Ali Tarhouni, the rebel finance minister, complained that many countries that pledged aid have instead sent a string of businessmen looking for contracts from the oil-rich country.
TRIPOLI – “They are very vocal in terms of (offering financial) help but all that we have seen is that they are … looking for business,” Tarhouni told The Associated Press on Saturday.
Tarhouni recently returned to Benghazi, the rebel bastion, from a trip overseas to drum up aid that included a visit to Rome where the contact group on Libya promised to set up a fund to speedily help finance the rebel administration.
“I think even our friends do not understand the urgency of the situation. Either they don’t understand, or they don’t care,” Tarhouni said.
Tarhouni singled out Qatar and Kuwait for their “generous, very generous help” but did not say if those countries had sent money. Qatar is the only Arab nation to send jet fighters to help NATO enforce a U.N.-designated no-fly zone in Libya.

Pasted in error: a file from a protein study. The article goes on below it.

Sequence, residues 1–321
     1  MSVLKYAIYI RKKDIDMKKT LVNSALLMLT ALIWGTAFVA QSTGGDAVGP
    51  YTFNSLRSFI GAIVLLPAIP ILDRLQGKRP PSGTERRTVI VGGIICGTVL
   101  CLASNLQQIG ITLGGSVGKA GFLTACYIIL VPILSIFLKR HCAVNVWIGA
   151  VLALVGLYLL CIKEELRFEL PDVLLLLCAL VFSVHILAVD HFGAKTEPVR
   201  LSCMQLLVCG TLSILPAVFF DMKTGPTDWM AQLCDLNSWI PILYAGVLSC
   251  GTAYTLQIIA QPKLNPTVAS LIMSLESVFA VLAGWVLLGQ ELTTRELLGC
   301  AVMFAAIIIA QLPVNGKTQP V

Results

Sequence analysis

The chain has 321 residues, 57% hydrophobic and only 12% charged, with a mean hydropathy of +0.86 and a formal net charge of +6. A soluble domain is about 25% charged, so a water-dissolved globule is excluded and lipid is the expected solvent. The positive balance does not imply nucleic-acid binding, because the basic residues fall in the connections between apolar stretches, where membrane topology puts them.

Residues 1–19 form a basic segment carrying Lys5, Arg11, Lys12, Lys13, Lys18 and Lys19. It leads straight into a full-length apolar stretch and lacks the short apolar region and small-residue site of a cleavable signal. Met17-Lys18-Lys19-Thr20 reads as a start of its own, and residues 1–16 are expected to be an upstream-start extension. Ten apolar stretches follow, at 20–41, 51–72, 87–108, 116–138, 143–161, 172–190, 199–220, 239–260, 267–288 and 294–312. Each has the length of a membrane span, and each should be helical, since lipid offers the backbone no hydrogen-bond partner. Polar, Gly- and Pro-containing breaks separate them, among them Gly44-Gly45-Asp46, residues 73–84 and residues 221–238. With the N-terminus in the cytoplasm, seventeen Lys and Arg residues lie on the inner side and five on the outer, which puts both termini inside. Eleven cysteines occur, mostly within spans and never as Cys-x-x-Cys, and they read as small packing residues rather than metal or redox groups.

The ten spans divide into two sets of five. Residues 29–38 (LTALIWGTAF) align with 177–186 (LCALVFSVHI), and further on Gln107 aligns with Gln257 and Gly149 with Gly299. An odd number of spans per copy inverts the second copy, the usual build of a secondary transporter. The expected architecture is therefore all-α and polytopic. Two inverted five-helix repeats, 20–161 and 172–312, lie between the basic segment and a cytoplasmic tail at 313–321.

Tarhouni also praised France, which was the driving force behind the U.N. no-fly zone. But “other than that, everybody is just talking,” he said. “So far, nothing has come through and I am fast running out of cash.”
Tarhouni emphasized that the rebels’ National Transitional Council will be signing no long-term contracts. While the rebel administration will honor previously signed contracts, Tarhouni indicated a new democratically elected government might do otherwise.
“Right now, I am not going to sign any contract that has any consequences for the future of Libya, with the exception of what I need in terms of food, medicine, fuel,” he said.